I had a bit of time to spare last Saturday so I popped to Brixton to check out the Chocolate Museum. It’s a relatively new establishment, with a café, an exhibition on the history of chocolate (complete with artefacts) and yummy artesan chocolate to buy. Well worth a visit if you’re a chocolate fan. They also put on events for both children and adults, including chocolate tasting and cooking with chocolate – yum!
The other week I finally got around to doing the tour of the Sipsmith Distillery that I booked back in June. The tours sell out so far in advance that I had to do this in order to get a place. I was supposed to be going with a few friends, but because of work and illness only one actually came with me on the night.
The distillery is in the middle of a residential street in Shepherd’s Bush and it is tiny – no wonder the tours sell out quickly, as there is very little space inside. It’s cosy and appealing though, and despite the clutter has a number of interesting things going on. I suppose ‘tour’ is a bit of a misnomer, since there’s nowhere else to go once you’re inside the building. ‘Talk’ and ‘tasting’ would be better terms, and our host was hugely entertaining – I thought he should have a career on the stage.
During our talk we heard about the history of gin and the hoops the group had to jump through in order to establish Sipsmith’s. I found it interesting to learn about the name of the brand – ‘smith’ comes from the concept of making something by hand, the artisan practice of crafting with care. ‘Sip’ is obviously what you do to the finished product! This is great quality alcohol – something to be savoured and enjoyed.
In pride of place stands Prudence, the first copper still in London for nearly 200 years. She helps to make the different spirits Sipsmith are known for, four of which we got to taste this evening: barley vodka, London dry gin, damson vodka, and sloe gin.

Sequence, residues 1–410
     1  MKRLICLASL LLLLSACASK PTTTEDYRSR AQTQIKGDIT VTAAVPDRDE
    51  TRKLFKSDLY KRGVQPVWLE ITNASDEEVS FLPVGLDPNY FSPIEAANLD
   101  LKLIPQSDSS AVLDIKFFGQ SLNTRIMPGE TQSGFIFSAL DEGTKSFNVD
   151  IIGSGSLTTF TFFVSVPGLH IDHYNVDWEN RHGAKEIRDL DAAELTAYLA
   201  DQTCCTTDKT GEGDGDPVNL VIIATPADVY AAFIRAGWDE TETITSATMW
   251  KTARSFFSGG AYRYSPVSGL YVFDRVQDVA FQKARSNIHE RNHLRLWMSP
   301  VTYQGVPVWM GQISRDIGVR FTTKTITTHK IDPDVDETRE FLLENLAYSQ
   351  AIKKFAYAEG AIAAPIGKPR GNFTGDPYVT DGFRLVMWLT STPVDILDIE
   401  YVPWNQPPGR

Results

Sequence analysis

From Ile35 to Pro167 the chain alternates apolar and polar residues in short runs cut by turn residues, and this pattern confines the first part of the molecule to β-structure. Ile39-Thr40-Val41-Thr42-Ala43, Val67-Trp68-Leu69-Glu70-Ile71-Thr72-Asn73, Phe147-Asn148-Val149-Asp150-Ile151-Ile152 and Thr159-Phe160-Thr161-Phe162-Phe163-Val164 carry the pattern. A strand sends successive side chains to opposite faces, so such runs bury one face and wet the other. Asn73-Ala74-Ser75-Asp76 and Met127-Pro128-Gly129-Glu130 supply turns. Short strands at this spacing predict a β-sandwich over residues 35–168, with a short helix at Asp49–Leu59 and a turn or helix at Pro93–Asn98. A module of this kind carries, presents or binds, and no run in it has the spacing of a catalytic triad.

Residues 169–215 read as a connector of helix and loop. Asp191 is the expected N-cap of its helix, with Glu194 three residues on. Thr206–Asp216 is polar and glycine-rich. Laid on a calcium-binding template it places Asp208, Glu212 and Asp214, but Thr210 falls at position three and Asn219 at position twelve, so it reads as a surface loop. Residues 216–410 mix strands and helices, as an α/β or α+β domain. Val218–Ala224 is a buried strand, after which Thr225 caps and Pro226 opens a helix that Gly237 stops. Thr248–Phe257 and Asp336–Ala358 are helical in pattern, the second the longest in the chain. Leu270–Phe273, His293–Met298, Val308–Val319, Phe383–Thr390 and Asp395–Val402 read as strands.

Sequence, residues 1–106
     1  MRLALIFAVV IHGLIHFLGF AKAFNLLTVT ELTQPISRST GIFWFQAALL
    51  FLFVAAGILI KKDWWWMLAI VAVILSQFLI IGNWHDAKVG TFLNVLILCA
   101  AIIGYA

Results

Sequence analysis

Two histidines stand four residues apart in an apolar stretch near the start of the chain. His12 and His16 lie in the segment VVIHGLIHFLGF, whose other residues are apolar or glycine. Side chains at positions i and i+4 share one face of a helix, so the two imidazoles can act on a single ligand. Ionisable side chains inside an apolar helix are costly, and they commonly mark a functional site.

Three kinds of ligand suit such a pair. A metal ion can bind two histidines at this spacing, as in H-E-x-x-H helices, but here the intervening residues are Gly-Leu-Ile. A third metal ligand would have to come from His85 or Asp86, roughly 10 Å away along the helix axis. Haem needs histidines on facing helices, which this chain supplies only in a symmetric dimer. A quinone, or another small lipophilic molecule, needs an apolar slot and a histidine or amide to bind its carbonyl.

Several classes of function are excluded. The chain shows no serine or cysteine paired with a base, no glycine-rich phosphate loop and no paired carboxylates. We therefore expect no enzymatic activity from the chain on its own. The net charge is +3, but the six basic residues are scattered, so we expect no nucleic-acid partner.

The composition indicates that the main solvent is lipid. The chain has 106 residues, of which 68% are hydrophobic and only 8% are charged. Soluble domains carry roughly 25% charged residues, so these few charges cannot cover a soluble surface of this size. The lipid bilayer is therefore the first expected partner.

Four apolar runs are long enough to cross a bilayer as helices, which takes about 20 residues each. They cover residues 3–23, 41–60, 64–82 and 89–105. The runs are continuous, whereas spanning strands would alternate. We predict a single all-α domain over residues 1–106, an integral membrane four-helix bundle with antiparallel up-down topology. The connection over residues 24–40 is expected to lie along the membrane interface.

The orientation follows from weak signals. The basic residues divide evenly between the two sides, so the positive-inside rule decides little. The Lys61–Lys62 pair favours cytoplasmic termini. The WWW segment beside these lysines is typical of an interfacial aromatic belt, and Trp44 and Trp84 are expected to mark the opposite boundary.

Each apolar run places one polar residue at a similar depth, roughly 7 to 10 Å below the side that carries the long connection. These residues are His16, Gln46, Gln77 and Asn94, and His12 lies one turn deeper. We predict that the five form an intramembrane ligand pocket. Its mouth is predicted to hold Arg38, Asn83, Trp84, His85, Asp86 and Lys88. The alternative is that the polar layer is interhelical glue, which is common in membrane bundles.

Sipsmith, with its beautiful bottles decorated with ornate swans, is best known for its gin, and we were greeted with a gin and tonic on arrival. We got to taste some of the gin straight, without a mixer, and though this isn’t the way I would choose to consume it, it was clear that the gin is high quality, crisp and refreshing.
A surprise was the barley vodka. Normally, straight vodka has me making faces, and it’s usually reserved for those nights when getting drunk as quickly and efficiently as possible is the aim (and I experience fewer and fewer of those nights as I get older). However, this vodka was surprisingly drinkable, and I could detect the different flavours with no nasty aftertaste.
The damson gin was very pleasant, rather sweet, and I think it would taste lovely with tonic or lemonade. However, by far my favourite drink of the evening was the sloe gin. I’ve had sloe gin before – I’ve a bottle of the Gordon’s variety at home – but this Sipsmith version is the nicest I’ve ever tasted. It was flavoursome, not too sweet, and would be perfect with ice for a Christmassy drink.
As the title suggests – I visited Uxbridge in order to tick the last-but-one station off my list. I’m sorry I didn’t go earlier, as it is quite a nice little town, with an old street full of pubs and some decent shops. There’s also a Liquid nightclub – I made a mental note to tell my friends.
The station itself was pretty impressive, a fine terminus to the Metropolitan and Piccadilly lines.
The National Portrait Gallery‘s current exhibition is Elizabeth I And Her People, which explores Elizabeth’s reign alongside the lives of other important people of the late Tudor age. The exhibition uses portraits to explore how explorers, artists, soldiers, writers and merchants portrayed themselves and displayed their wealth and achievements.
I am fairly familiar with this period, having studied history at sixth form and university, and I thought the exhibition did a great job of looking at the sixteenth century and the kind of people who inhabited it, particularly the growing middle classes.
The second exhibition I saw at the Science Museum was Collider. Designed as an immersive experience, it looks at the largest scientific experiment ever constructed, the CERN Large Hadron Collider in Switzerland. It started with a rather cheesy video presentation, then opened up to let you walk through the collider – which in real life is 27 km long – and learn about the uncovering of the Higgs boson particle.
I enjoyed the exhibition, particularly the video and multimedia aspects which helped me to understand what was going on. Having not studied science for over ten years, I really had to struggle to understand the concept behind the collider but I certainly came out with a better grasp of it than when I went in.